There are a few natural phenomena that truly impress: total eclipses, calving glaciers, avalanches, tornadoes and, yes, erupting volcanoes. Back in November, we were lucky enough to get a front and centre view of Bali’s Mount Agung erupting – complete, for my son who was sleeping on the balcony, with a healthy coating of ash. Frankly, when it’s in action, Bali’s volcano delivers THE BEST views.
Provided you follow official guidance, getting a good view of an active volcano in action should not be dangerous. For Agung, Bali’s volcano, as of December 2017, there are two key elements. You should stay out of the danger/evacuation zone, which is clearly marked from the main roads, and you should stay well away from rivers. That’s because, besides ash and steam, the mountain is currently emitting fast-moving mud flows known as lahars or “cold lava”. When they get going, these things can carry boulders that take out bridges, and come in as fast as a flash flood. You have been warned.
If you want to keep an eye on what Agung is up to, not to mention whether it’s even visible, you can visit a webcam here (and check whether it’s safe to travel to Bali here). In the meantime, here’s a few places to get the best views of Mount Agung, Bali’s very own and most sacred volcano:
The picture above is one of the best shots of Agung from Pura Lempuyang I’ve seen (thanks to Brian Crawford for the image: follow him on Insta at @briancrawfordphotography ). The temple is perfectly positioned for the gate to frame the volcano. It’s an easy day trip from Amed, and doable from Ubud and South Bali, but I’m not aware of any nice places to stay in the immediate vicinity.
Now is a lovely time to visit Ubud, with the streets devoid of traffic and coach parties, even if the transport touts are getting rather desperate: so why not use the volcano as your excuse? There are all sorts of good positions to view Agung from around town, but both Indus Restaurant and the vegetarian Elephant Café offer lovely views across the gorge, not to mention stylish spaces and good food. If you wanted to stay over, Taman Indrakila has spectacular volcano views and very pretty bungalows, although the bathrooms let the side down: or check my post on where to stay in Ubud.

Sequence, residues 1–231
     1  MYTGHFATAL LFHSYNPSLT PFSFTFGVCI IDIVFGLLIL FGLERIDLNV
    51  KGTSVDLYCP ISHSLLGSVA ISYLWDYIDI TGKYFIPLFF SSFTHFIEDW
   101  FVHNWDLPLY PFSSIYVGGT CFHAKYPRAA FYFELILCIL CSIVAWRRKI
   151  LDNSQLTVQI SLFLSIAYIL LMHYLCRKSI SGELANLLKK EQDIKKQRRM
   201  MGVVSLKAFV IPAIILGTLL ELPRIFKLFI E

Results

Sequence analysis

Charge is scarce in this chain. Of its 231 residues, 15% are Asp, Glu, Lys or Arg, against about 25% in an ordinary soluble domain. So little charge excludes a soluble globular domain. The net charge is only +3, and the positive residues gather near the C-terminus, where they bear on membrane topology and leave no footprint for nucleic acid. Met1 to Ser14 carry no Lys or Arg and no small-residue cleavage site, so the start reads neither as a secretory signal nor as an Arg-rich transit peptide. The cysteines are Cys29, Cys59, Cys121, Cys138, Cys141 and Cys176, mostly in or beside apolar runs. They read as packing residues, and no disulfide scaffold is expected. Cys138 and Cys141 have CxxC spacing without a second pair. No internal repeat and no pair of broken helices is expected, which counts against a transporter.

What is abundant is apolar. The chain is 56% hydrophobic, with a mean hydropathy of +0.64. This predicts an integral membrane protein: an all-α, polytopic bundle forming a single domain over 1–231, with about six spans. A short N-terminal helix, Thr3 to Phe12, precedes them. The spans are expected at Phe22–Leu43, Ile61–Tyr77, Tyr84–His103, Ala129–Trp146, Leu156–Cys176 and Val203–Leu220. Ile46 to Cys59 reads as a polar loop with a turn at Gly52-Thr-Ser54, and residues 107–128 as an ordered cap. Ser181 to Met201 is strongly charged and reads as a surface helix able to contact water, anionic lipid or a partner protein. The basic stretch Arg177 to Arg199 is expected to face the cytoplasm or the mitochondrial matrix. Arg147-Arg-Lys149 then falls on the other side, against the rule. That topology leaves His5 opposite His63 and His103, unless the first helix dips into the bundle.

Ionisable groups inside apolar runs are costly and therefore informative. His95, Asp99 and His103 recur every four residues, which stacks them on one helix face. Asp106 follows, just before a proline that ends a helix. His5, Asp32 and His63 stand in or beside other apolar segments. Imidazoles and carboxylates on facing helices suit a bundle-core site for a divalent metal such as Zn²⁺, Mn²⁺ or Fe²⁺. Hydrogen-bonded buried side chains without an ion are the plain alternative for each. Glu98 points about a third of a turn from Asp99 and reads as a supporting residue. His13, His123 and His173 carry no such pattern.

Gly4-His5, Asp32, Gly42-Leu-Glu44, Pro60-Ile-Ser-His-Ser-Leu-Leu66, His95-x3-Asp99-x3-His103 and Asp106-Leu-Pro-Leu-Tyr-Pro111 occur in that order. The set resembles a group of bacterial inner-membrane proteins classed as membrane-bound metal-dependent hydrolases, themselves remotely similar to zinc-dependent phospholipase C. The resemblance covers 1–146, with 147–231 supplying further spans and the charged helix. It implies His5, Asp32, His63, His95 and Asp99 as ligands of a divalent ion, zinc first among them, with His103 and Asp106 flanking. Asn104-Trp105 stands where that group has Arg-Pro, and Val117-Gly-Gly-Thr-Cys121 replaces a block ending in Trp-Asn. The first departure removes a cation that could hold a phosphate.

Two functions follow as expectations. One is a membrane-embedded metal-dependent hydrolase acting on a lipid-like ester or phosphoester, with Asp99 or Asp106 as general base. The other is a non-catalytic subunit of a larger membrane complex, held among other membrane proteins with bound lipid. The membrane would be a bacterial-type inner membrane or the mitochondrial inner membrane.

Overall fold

Check for discounts at Taman Indrakila on Agoda (or visit their website)
Sidemen is one of my absolute favourite places on Bali: exactly how the island is supposed to be, and Ubud used to be. Tiers of rice terraces pour down into a sweeping valley, with Agung dominating the skyline: patches of jungle stop it all looking too tame. The pic above is the view from one of the terraces at Kubutani, a trio of great value, quirky and characterful little villas, just before the eruption of November 2017. If you prefer the comfort of a hotel, Teras Bali is an excellent choice, with classically Balinese rooms, a gorgeous little pool and a solid Western-Indonesian menu.
Visit Kubutani’s website
Book Teras Bali at a discount on Agoda.com (or visit their website)
I’m far from a fan of mainland Lombok’s tourist capital, Senggigi: think Sanur, with less charisma. However, if you’re exploring the more interesting parts of Lombok and fancy some beachfront cocktails with sunset views of an erupting volcano across the ocean, then swing by Qunci Villas. The cocktails are excellent; the rooms are stylish and solid value; and I’ve heard good reports of the food as well.
Check for discounts on Qunci Villas at Agoda (or visit their website)
The unremarkable little town of Rendang is where the volcanologists who monitor Agung are based, and it’s command central for a whole range of volcano activities. The view from Mahagiri is absolutely spectacular, with a patchwork of rice terraces that are beautiful even on a cloudy day. When Agung appears behind them, they’re jaw-on-the-floor stuff: even if it’s not erupting. You can stay here, come for their (pretty average) buffet lunch, or simply enjoy a drink with an amazing view.
Check for discounts at Mahagiri on Agoda.com (or visit their website)
While Agung is at level 4, I would not recommend staying in Tulamben. The Amed-Lipah strip of this diving area is safe, however, although there is the potential for road blockages in the event of an explosive eruption. If you stay here, you can enjoy spectacular volcano views and, sadly for the local dive industry, have dive sites including the world-class USAT Liberty wreck pretty much to yourself: now is a great time to learn to dive in Amed. Bali Villa Coral has two lovely, two-storey bungalows right on a shallow beach in Jemeluk; Coral View Villas has very stylish bungalows, many with freestanding baths, in Lipah, close to the excellent EuroDive.
Check for discounts at Coral View Villas on Agoda (or visit their website)
Check for discounts at Bali Villa Coral on Agoda (or visit their website)
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Source: Escape Artistes